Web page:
Trade Ranger 2004 community conference

The e-commerce hub, a dot com survivor, has evolved. Statoil, Total and Shell are still on board.

E-commerce in oil and gas has had a rough ride since the heady days of the dot com boom. UpstreamInfo, PetroCosm and other oil and gas e-ventures have failed spectacularly. So it was particularly interesting to attend the 2004 Trade-Ranger Community Conference last month, attended by about 100 members. Since Trade Ranger was established, considerable changes have taken place. Merger and attrition have reduced the numbers of buyers. Those remaining are predominantly EU-based. The general focus of e-procurement also has shifted slightly downstream, where buyers and sellers of chemicals and finished products will likely offer a more attractive target for

Baker Hughes

Baker Hughes’ (BH) suppliers are faced with ‘a large number of e-procurement initiatives’ according to Steve Sidney. Integrating such solutions is expensive. While Baker Hughes (BH) is enthusiastic about e-procurement for order fulfillment, it is less keen on catalog-based ordering. Catalogs are an integral part of the BH proprietary offering. While there is ‘potential’ for integration with customer ordering processes, ‘timing and readiness of customers remains unclear’.


Joop van Dierendonck said that Dow Chemicals was ‘really going for’ e-business with a major integration of Dow eMart with Trade Ranger. Dow’s e-procurement strategy aims at reducing costs and errors by integrating procurement with ERP. Last year ago, Dow’s eConnect project started using MRO purchasing, which handles 80% of worldwide transactions. Purchase orders are sent to suppliers by AutoFax (65%) or EDI (35%). The Current objective is to move to ‘e-execution’ via Trade Ranger; to ‘discourage EDI and promote XML’. Last year, 73% of Dow’s 5 million invoices were paper. This year this will be reduced to 32%. Invoicing staff is now down to 8 people. Dow now wants to do the same on the buy side, eliminating manual entry and hundreds of jobs. Dow is working with TR on a multi-generation plan for current and future technologies and software vendors.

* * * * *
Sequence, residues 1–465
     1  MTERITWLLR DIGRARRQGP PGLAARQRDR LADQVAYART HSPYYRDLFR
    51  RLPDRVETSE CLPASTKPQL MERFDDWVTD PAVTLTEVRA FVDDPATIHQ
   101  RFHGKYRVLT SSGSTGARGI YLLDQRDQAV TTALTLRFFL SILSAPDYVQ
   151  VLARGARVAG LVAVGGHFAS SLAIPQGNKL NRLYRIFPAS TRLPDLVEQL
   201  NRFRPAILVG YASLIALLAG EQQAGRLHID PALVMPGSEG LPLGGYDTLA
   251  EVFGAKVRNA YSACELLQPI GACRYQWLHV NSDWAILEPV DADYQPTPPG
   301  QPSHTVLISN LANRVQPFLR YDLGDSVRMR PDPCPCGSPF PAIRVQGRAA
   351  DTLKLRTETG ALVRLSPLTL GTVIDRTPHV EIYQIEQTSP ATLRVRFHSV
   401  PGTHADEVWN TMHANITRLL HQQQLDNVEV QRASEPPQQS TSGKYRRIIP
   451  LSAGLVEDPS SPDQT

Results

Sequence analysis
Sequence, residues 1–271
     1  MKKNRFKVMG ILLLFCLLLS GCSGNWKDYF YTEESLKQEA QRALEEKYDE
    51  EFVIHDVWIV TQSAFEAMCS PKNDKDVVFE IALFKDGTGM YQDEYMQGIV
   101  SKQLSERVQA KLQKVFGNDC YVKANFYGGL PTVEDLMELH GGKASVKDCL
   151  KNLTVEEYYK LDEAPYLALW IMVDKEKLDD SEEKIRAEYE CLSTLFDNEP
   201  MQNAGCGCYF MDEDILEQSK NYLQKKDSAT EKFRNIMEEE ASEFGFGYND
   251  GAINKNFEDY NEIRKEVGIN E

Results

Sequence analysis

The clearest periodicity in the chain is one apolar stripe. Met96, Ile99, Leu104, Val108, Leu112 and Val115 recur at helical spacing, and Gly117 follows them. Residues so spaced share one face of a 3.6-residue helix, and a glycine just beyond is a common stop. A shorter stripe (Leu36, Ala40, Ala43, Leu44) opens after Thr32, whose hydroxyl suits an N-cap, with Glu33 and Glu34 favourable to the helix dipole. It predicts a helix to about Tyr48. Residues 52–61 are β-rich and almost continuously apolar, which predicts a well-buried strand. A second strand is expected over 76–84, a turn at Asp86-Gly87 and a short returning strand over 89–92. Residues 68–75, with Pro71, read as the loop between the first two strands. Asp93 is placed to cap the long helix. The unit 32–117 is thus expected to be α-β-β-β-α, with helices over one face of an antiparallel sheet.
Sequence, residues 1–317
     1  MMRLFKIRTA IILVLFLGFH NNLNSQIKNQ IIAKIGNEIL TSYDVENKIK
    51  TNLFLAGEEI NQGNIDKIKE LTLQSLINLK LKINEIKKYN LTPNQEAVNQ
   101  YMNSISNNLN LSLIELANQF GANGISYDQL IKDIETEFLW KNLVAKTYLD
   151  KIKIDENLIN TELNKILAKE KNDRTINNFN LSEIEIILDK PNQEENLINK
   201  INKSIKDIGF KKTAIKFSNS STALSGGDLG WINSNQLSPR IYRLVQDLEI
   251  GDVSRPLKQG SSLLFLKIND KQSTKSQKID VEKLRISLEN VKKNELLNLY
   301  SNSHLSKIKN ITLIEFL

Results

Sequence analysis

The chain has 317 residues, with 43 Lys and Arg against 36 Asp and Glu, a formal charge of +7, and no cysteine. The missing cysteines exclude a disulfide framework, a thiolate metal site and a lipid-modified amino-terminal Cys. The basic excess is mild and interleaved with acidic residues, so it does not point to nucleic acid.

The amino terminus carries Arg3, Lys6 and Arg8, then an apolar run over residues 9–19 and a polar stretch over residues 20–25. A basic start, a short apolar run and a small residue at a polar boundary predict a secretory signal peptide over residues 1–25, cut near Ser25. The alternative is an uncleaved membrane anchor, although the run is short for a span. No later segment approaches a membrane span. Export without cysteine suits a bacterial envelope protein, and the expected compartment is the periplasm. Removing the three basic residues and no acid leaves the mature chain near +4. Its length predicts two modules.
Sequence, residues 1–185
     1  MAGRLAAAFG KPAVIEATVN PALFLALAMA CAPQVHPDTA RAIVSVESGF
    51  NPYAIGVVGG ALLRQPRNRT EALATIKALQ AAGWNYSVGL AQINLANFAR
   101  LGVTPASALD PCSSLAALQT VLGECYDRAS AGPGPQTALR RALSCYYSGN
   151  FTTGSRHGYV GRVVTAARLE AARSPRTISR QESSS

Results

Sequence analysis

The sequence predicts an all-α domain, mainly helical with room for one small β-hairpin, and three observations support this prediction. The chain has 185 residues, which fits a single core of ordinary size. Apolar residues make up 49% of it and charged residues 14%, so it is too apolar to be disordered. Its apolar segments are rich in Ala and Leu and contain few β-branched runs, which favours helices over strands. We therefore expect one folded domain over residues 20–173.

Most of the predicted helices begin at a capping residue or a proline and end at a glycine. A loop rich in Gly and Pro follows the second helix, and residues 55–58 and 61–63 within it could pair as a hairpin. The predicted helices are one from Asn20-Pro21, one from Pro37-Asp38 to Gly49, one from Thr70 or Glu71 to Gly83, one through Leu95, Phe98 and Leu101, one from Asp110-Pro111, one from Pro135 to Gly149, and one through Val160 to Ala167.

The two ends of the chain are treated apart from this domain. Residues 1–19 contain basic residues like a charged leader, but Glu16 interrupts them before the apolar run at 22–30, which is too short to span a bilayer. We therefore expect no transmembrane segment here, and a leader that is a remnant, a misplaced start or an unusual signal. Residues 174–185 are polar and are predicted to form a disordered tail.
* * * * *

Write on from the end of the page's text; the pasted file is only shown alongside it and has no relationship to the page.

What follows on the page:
Rosanna Di Leo reports that today, e-auctions, with a $1.1bn commitment, amount to 20% of Total’s overall spend. e-RFX (e-call for tender etc.) contrasts with the traditional approach of cover letter, appendices, follow-ups, mails and telephone conferences. Total’s branded e-RFX, e-Novation comprises a browser front-end to documentation, follow-up, RFQ, evaluation, communications etc. ‘all in one box’. e-auctions put established suppliers ‘back into the melting pot.’ This leads to greater competition, visibility and traceability of prices. Total’s refiners were reluctant to do this kind of purchasing – but they came around and e-Sourcing has grown from zero in 2000 to 650 e-RFXs in 2003 with € 74 million at auction. Total has a clear group policy and good management support for this. Overall, Total purchases around 23bn/yr – so the e-procured is only 4% of what is potentially e-purchasable. ‘We have a long way to go’. Di Leo compares this situation to the introduction of email in 1992, when there were similar doubts. Internet access and short training is all that is needed.


‘Procurement on steroids’ is how Stephanie Sherrod describes Shell Oil Product’s (US) web-based purchasing. Purchase to pay, (P2P) enables strategic sourcing, enhances compliance and improves spend analysis and commodity reporting. Shell’s iNeed is P2P solution integrated with SAP and Trade Ranger. By setting up vendors for automated clearing house (ACH) payment, Shell has reduced the cost of paper checks and wires. Trade-Ranger’s XML-based connectivity links Shell’s SAP-based invoicing with suppliers including Dell, McJunkin and Wesco. An estimated $100 million/year of low value purchasing has been eliminated.

The future

TR president John Wilson sees a conflict in the medium term between TR’s ‘independent’ hub and the expanding ‘supplier relationship management’ offerings from software behemoth SAP. The plenary discussion addressed this and related issues (see this month’s lead) without a clear outcome. SAP’s Usman Sheikh acknowledges that SAP now goes well beyond ERP. NetWeaver has brought ‘unprecedented flexibility’ including a fully integrated SRM solution. But NetWeaver also heralds a ‘more open’ environment for competition. Sheikh said, ‘We have retained our proprietary rights for too long, our management is ready to open up. NetWeaver is the first step.’

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